To be sure, I did not agree with everything he was telling me—but that was okay. We were, after all, two very different personalities. The important thing was that I was beginning to think more like a salesperson (which was why people hired me, by the way) and less like a social contact. This was an important insight for me, not only because it convinced me that we sell who we are, but also because I began to 'aim' for the sale, which programmed my Sympathetic Nervous System to do what was necessary to get me there. Getting the sale was now my dominant thought and so my Sympathetic Nervous System shifted its focus from merely building contacts and relationships to building them with prospects who would lead me to a sale. For many people, this is an abstract notion, but one that is well worth dwelling upon because it will lead to improved results. On the other side of this concept, a struggling salesperson will experience an incredible eureka moment. It will feel like the end of a long struggle up a steep, precarious hill whose summit offers a view into a much simpler world. The fears that used to sabotage many a cold-call will no longer seem as intense; the anxiety that used to relinquish control of several aspects of the sales call to the customer will no longer be as immobilizing; and the doubt that used to derail many a closing attempt will no longer seem as daunting. Insight into the emotions that underlie those fears and anxieties will empower the salesperson to stretch well beyond his/her comfort zone and thus achieve new and better results.

As my understanding of the Sympathetic Nervous System grew, I realized that my young colleague's so–called style served to quickly 'qualify' his prospects into two major categories: (i) those who were uncomfortable with him and, hence, would not deal with him; (ii) those who were comfortable with him and, therefore, brought with them a high probability of a successful sale somewhere down the road. In other words, he was maximizing the use of (and hence the return on) his time. This realization, in particular, fascinated me because it proved that the selling profession has room for more than one personality type. My young colleague was selling to people who were comfortable with him and I needed to sell to those who were comfortable with me (and, of course, with my business needs, which necessitated that I part company with some people). In other words, I did not need to sell to the whole world. Hence, rejection was okay; it kept me away from prospects I was not compatible with or who would use up my time inefficiently. Thus, I was able to spend my time on prospects who would lead me to a deal.

Our 'fight or flight' response, along with the web of traits that emanate from it, originates in the Sympathetic Nervous System. To complicate matters, our customers have a Sympathetic Nervous System of their own. Hence, since a customer's objections are corollary to the theme of rejection, it stands to reason that our Sympathetic Nervous System plays a crucial role in the success or failure of our selling efforts. For a detailed discussion of these topics, as they pertain to the dynamics of selling, please refer to my recent ebook Pathways to Sold: The Science Behind the Sale, which can be previewed at Amazon. But for now let us take a closer look at what lies behind a customer's objections.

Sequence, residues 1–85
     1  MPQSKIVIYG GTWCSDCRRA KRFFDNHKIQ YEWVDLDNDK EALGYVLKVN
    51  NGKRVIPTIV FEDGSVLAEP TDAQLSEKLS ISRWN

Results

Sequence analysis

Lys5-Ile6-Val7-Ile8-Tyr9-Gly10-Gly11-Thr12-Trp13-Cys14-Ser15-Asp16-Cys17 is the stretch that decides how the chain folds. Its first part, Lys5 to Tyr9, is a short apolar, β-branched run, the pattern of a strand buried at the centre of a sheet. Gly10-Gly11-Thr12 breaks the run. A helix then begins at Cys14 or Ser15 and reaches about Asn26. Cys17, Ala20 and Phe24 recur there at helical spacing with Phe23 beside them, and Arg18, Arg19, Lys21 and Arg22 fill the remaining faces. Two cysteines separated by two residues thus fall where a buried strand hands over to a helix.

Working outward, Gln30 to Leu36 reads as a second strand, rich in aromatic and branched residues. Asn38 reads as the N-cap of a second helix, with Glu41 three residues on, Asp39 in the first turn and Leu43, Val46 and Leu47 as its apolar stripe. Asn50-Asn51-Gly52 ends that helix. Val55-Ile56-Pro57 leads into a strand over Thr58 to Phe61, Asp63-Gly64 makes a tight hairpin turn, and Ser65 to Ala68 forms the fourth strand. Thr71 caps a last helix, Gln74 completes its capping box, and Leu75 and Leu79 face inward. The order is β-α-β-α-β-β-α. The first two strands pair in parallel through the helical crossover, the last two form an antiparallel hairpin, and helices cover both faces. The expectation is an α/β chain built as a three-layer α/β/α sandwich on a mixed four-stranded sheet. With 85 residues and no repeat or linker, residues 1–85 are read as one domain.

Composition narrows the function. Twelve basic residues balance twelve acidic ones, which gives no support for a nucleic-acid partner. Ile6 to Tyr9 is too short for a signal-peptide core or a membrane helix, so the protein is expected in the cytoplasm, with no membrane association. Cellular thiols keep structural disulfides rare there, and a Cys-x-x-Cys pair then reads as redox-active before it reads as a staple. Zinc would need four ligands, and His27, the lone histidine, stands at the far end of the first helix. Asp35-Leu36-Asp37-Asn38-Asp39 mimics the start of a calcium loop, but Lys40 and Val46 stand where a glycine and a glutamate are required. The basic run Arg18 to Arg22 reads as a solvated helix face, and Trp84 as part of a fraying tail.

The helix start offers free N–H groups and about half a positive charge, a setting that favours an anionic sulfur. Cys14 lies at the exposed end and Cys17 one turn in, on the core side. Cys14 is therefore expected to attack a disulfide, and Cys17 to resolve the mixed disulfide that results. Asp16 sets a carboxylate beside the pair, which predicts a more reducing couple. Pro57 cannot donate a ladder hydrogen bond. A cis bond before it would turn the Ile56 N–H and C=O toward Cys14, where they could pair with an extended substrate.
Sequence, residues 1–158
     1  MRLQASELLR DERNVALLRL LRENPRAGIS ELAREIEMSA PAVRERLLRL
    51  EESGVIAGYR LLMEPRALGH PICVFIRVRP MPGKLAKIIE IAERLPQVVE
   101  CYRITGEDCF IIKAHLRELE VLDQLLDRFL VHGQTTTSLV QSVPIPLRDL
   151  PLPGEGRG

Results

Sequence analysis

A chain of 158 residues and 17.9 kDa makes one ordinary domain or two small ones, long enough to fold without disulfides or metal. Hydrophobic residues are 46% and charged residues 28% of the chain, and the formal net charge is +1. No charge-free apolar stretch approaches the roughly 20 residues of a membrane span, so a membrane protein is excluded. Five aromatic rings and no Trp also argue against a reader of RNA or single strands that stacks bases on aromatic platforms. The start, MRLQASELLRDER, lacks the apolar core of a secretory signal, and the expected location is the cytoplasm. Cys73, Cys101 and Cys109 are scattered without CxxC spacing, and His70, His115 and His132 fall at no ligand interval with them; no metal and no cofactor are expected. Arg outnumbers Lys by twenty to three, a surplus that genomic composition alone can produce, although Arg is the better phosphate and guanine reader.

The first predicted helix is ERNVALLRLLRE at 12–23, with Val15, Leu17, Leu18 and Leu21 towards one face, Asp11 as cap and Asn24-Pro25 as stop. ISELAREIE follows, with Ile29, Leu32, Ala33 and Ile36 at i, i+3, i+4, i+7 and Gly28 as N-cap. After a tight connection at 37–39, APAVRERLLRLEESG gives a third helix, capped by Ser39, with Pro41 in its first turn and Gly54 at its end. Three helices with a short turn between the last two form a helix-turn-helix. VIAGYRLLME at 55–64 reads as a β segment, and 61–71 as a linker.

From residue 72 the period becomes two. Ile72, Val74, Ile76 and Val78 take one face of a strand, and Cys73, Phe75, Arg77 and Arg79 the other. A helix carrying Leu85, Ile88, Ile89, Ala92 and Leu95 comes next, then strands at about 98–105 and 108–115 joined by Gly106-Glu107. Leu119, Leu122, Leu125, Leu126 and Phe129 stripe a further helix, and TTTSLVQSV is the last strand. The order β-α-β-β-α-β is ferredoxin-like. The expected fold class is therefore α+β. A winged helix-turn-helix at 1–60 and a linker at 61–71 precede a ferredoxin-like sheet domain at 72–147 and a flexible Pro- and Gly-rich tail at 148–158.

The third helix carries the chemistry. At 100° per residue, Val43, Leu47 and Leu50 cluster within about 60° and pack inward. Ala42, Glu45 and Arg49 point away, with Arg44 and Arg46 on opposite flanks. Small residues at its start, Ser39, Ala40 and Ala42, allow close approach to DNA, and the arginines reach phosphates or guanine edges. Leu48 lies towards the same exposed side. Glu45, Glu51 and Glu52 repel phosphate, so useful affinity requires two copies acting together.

As noted above, I believe that in its base elements, an objection indicates some sort of rejection of a particular aspect of our presentation. Ideally, none of us wants to be rejected, and the normal tendency is to try and avoid the discomfort associated with it. In my case, the overcoming of this instinct in the early years of my career was an important cog in my maturing into an effective salesperson. As for the customer, resistance tells us (among other things) that he/she is simply defending his/her territory. Namely, the customer is resisting the idea of being sold a service or product that he/she is not yet ready for—in other words, we still have some work to do. So far, so good. We simply have two people on opposite sides of a transaction that need to find out if they have enough common ground to result in a deal. In his book Negotiation: The Art of Getting What You Want, Michael Schatzki puts it this way: one person's Least Acceptable Result needs to overlap with the other person's Maximum Supportable Position. Otherwise one party may end up feeling remorseful after the fact.

Our fight or flight response evolved as a protective mechanism and simply comes to the forefront whenever an individual is in need of a protective, guiding hand. Hence, objections are among the most vital steps on the path toward a successful sale. Top salespeople understand this point, hence you always hear them state that they welcome objections (or the sale starts when the objections begin, or some such variation). For those in the process of building a successful sales career, my experience has been that an understanding of the machinations of the Sympathetic Nervous System will help a determined sales rep achieve levels of production that he/she never thought possible for their particular personality and level of talent. It certainly did for me. To quote one of the characters in my book Beyond the Periphery, who is addressing his inner self,

We've each greeted risk;
We both dared to grow;
And our tutor appeared—
He hid behind 'no'
.

Until next time ... Happy selling!